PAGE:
Napier Lopez is a writer based in New York City. He's interested in all things tech, science, and photography related, and likes to yo-yo in Napier Lopez is a writer based in New York City. He's interested in all things tech, science, and photography related, and likes to yo-yo in his free time. Follow him on Twitter.
When you’ve been writing about tech long enough, it’s hard not to get a little jaded at the iterative products that come out every year. It’s rare that something really makes me say ‘wow’ nowadays.
So color me surprised when one of the most impressive product demos I’ve seen in months happened to be a kitchen appliance. Unlike the things on your counter that heat things up, the Juno cools things down. Fast. It can chill anything from a can of soda to ice-cold temperatures in under two minutes, a bottle of wine in five. It can even cool down fruits and veggies if you’re so inclined.
I was able to demo a prototype, and the claims hold true. It’s sorcery. It’s science. It’s the anti-toaster.
The Juno is created by a company called Matrix, which specializes in thermoelectric devices. You may remember it for its body heat-powered smartwatch. Now it’s leveraging its technology to make sure you can always have a cold drink.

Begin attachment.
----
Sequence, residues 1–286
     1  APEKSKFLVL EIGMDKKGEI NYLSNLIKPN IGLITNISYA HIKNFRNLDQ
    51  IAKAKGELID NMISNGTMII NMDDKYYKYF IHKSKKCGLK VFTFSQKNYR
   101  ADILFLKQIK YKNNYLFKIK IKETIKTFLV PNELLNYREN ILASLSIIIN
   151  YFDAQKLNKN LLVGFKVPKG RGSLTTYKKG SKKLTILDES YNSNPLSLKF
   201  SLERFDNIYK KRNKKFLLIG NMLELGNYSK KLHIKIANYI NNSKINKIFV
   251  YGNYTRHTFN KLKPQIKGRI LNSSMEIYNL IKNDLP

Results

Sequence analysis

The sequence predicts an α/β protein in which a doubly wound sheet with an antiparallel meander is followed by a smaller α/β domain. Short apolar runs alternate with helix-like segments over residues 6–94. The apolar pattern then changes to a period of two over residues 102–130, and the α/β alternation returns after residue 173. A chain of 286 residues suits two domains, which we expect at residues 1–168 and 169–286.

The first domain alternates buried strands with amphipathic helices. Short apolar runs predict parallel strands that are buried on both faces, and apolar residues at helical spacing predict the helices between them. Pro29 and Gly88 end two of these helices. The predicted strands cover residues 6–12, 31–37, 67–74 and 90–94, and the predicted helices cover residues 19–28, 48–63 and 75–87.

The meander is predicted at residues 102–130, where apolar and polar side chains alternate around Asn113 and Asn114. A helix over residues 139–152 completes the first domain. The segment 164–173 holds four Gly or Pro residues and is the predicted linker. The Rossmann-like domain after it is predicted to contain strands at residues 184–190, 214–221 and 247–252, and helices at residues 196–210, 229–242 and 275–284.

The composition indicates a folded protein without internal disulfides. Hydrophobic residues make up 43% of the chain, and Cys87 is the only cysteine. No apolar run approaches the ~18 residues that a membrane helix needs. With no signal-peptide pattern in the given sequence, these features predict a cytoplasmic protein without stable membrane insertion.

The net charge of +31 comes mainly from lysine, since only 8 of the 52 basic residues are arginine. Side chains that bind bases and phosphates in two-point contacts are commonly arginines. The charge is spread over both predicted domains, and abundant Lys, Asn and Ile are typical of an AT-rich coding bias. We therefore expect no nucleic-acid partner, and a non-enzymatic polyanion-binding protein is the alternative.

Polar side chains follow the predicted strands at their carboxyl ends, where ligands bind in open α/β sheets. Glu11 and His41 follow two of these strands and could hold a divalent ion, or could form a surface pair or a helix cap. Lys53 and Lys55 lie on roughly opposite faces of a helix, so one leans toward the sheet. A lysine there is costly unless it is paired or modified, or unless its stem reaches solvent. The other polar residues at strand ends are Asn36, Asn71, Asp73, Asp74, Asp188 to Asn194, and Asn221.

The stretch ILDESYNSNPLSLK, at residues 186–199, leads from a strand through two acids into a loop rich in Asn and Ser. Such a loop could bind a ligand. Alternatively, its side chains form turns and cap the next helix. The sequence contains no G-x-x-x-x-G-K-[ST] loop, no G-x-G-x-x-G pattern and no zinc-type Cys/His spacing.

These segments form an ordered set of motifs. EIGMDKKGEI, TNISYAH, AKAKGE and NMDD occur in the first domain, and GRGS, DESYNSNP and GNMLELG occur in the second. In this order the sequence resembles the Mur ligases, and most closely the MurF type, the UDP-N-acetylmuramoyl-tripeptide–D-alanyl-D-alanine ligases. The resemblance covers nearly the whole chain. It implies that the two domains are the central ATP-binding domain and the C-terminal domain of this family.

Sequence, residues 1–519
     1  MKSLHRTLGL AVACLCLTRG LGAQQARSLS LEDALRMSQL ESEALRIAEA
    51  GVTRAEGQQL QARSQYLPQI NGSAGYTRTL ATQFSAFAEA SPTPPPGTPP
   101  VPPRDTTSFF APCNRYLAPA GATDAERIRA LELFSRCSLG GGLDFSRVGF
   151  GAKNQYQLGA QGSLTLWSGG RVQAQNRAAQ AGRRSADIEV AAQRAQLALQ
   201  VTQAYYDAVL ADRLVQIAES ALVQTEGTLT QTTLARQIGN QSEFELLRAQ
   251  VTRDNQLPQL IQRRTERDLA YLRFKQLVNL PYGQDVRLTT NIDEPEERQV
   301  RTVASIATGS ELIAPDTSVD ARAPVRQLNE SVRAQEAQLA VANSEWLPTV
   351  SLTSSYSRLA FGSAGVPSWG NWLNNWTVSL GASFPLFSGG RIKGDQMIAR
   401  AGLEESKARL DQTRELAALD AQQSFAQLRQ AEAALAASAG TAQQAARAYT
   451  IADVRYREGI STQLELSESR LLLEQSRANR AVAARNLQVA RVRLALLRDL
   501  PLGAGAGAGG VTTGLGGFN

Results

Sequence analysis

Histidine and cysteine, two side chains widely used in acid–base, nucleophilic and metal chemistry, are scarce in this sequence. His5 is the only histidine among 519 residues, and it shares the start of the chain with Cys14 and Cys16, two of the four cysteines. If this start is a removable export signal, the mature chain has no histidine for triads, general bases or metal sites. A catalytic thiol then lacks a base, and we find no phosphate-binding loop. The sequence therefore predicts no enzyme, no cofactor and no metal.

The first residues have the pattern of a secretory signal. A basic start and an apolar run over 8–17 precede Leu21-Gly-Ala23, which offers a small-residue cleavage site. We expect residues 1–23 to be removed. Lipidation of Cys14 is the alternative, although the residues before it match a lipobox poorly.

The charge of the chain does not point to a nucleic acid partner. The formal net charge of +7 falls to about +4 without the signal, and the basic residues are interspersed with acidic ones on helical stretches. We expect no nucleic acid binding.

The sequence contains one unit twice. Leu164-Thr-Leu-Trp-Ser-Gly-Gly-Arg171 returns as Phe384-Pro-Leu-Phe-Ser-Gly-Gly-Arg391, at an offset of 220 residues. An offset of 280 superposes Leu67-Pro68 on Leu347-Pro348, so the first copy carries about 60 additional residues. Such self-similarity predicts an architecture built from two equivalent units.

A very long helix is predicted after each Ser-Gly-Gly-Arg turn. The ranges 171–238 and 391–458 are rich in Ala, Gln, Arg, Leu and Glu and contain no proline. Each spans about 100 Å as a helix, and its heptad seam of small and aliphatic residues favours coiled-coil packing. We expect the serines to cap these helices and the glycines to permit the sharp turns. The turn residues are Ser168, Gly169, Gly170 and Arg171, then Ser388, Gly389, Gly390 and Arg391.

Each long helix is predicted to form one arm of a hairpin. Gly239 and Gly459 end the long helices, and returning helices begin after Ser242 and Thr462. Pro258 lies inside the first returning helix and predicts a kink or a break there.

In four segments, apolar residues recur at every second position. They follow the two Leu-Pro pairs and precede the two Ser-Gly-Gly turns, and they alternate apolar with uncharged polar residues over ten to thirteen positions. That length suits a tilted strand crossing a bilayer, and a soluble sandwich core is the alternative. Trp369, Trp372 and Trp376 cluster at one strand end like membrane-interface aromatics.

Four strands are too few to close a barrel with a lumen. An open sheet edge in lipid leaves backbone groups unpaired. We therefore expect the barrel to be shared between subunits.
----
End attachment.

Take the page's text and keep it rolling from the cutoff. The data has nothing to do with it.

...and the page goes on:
The device takes advantage of something called the Peltier effect to achieve its rapid cooling. My demo involved a prototype device that, unlike the final unit, was transparent to show its inner workings.
The Juno folks put a warm soda can in the machine – I confirmed it was at an unappetizing room temperature – in the device and water rapidly surrounded it. The machine swirled water around and spun the can rapidly, essentially sucking the heat out of the soda.
A little over a minute later, the can emerged from its wash cycle as if it had been sitting in the fridge overnight. If I wanted it even colder, I simply had to leave it in the machine longer – it can apparently cool a drink down to just above freezing. The company then assured me the can wouldn’t blow up my face after all that motion thanks to fancy spinning calibration. I drank the can suspiciously, but there was no evidence of witchcraft – just a cold drink.
There are other aspects I appreciate about the Juno besides its science. The machine has no touchscreen, no app, no WiFi. You only display is a thin LED that changes from red to blue as your beverage cools down. Your only interface is three buttons used to adjust settings.
Not everything needs to be part of the internet of things, so this is a welcome decision, as far as I’m concerned. It’s a kitchen appliance, and it’s as easy to use as your blender or microwave.
Juno says it isn’t just about letting you have a cold drink either; its product could have a positive environmental impact. A lot of energy is wasted refrigerating drinks indefinitely when they’d be just fine at room temperate until they needed to be cooled. Some people have separate a separate wine coolers or beer fridge; the Juno would remove the need for those things. And it achieves cooling without harmful refrigerants and other chemicals.
At this point, Juno can take my money, but it’ll be a while before you can get your hands on one. Juno is available to pre-order via Indiegogo starting at $199 for early birds, and $300 for the rest.
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